Animal instinct is an amazing thing. It’s not uncommon to hear of or witness some fast-thinking moves in the wild animal kingdom. And, one recent video exemplifies this perfectly as the clip shares a uniquely creative tactic applied by a mule deer escaping a hungry coyote in the most unusual way.
When Katie LaSalle-Lowery stopped her Jeep while driving through Yellowstone National Park recently, she had no idea the sight she was about to witness. The wildlife photographer had noticed a herd of bison traveling in the hills and she was hoping to catch a wild stampede. However, what she got was even more impressive.
As the video unfolds, we see the herd of bison as they advance across the hilly field. However, soon we notice someone else in the mix … a mule deer doe running and jumping among the bison. Then, we see what prompted this mule deer to run into the mass of humongous mammals. A coyote comes running into the clearing, chasing the deer. However, this predator comes to a very quick halt as soon as it sees the crowd with which the mule deer is hanging out now.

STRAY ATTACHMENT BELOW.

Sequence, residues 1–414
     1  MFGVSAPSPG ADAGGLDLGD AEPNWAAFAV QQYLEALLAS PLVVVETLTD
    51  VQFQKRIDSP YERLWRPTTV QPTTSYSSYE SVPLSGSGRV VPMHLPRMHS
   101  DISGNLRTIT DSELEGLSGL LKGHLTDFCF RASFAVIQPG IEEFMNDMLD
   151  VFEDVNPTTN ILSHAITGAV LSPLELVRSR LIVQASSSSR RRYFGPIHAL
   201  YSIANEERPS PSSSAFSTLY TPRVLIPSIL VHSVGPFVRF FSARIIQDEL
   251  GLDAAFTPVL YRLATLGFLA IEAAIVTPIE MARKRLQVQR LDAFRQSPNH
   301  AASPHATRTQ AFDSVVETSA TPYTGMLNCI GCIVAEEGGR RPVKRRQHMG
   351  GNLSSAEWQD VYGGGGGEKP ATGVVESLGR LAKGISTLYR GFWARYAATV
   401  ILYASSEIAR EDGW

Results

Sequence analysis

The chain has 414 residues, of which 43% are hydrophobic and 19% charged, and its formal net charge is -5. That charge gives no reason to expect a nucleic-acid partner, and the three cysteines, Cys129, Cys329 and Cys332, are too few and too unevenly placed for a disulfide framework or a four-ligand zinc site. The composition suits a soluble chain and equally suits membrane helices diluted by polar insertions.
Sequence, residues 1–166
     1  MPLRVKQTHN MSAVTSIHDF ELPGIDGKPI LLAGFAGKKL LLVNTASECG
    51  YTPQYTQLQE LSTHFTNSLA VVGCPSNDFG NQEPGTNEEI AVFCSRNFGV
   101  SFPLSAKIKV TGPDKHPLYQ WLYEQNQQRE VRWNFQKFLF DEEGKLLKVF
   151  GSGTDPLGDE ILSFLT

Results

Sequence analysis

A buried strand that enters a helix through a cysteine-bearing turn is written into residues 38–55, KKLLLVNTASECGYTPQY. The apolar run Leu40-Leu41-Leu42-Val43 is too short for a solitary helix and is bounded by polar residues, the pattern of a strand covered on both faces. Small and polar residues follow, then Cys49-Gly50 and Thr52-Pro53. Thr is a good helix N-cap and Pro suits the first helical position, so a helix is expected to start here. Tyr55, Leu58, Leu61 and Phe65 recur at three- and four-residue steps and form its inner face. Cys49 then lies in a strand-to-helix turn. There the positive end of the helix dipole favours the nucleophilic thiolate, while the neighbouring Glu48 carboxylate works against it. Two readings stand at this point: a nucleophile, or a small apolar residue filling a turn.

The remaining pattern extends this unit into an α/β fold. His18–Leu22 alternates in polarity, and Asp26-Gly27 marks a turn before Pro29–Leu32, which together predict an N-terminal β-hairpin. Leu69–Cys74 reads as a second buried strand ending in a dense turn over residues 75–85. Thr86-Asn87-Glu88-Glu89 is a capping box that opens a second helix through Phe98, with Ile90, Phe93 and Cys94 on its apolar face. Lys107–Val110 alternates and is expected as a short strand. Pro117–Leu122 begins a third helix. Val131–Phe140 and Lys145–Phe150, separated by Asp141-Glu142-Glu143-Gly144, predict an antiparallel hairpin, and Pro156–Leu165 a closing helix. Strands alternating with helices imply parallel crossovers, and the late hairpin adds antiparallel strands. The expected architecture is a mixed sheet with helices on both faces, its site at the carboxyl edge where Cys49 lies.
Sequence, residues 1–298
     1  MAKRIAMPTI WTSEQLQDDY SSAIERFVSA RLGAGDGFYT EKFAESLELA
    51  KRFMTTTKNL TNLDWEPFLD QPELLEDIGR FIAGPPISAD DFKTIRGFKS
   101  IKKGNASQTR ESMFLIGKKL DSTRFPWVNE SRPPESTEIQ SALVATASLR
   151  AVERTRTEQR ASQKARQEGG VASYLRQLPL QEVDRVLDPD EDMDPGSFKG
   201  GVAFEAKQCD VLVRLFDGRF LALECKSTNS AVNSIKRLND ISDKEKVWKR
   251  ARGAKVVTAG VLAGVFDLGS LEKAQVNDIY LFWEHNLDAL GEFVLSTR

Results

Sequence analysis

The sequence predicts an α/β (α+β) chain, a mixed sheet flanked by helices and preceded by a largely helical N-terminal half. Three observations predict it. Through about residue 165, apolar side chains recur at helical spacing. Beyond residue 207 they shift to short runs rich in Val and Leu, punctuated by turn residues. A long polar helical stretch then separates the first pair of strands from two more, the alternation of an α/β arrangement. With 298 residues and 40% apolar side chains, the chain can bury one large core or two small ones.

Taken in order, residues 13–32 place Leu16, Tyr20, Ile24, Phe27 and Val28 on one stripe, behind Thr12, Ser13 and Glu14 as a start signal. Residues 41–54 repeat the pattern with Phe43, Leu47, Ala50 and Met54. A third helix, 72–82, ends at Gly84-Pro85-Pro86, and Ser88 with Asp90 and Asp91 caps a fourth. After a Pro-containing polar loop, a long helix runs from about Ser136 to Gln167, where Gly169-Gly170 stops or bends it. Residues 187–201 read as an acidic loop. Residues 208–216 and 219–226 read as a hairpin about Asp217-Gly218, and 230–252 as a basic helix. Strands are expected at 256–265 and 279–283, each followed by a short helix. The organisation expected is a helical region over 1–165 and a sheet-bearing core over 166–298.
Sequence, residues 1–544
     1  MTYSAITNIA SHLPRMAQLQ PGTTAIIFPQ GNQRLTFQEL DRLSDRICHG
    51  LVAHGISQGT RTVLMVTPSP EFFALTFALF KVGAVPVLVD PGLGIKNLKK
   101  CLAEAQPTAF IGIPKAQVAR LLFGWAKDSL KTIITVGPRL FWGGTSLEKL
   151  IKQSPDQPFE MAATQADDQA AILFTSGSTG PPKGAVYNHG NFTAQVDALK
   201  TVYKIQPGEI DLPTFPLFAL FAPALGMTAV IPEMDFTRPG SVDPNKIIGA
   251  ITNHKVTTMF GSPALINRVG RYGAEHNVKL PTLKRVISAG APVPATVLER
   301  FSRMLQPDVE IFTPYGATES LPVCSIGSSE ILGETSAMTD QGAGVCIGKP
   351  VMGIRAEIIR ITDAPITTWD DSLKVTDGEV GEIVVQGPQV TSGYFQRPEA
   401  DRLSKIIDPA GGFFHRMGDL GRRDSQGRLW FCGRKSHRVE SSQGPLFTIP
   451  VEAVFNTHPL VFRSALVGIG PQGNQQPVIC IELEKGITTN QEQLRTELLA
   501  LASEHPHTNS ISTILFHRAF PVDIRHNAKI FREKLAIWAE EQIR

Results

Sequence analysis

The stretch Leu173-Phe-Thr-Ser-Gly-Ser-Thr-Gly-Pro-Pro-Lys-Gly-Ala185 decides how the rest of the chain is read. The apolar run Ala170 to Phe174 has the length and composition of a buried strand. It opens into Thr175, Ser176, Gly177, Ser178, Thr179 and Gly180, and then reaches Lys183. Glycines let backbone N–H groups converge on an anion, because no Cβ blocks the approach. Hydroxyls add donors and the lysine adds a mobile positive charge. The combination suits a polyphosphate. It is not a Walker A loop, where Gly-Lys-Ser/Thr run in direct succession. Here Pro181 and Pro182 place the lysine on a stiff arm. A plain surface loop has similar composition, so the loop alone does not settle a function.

Mule Deer Employs ‘Very Interesting Survival Tactic’ Hiding Among Herd of Bison
According to LaSalle-Lowery, she was inspired to drive through this area in the popular national park after the area reopened just a few days ago following devastating flooding that hit the area this summer.
“The floods in June reduced access dramatically,” LaSalle Lowery notes.
“The Northeast Entrance Road going through the Lamar Valley opened for the first time on Saturday,” the nature photographer relates. “So I made a trip to the park and a return to the Lamar and see the changes to the riverbed and roads.”
According to the woman, she had driven up Slough Creek around the area’s campgrounds and trailheads when she spotted the herd of bison that was on the move, “occasionally stampeding.”
LaSalle-Lowery recalls how a “few people nearby remarked upon the mule deer.” And, she says, she originally thought it was a wolf chasing the fleeing animal. However, the photographer notes it soon became apparent that the animal wasn’t a wolf, but a hungry coyote.
“I thought it was a very interesting survival tactic,” she says of the wild footage. “For a mule deer to run into the herd of bison, which obviously stopped a single coyote in its tracks.”
LaSalle-Lowery adds that the coyote stayed far away from the bison, despite being stuck in the area as the bison moved through. A situation that “could have ended badly” for the coyote LaSalle-Lowery notes. However, the animal “kept his head down and didn’t put himself in harm’s way,” she says. “Circumstances can change very quickly when bison are on the move.”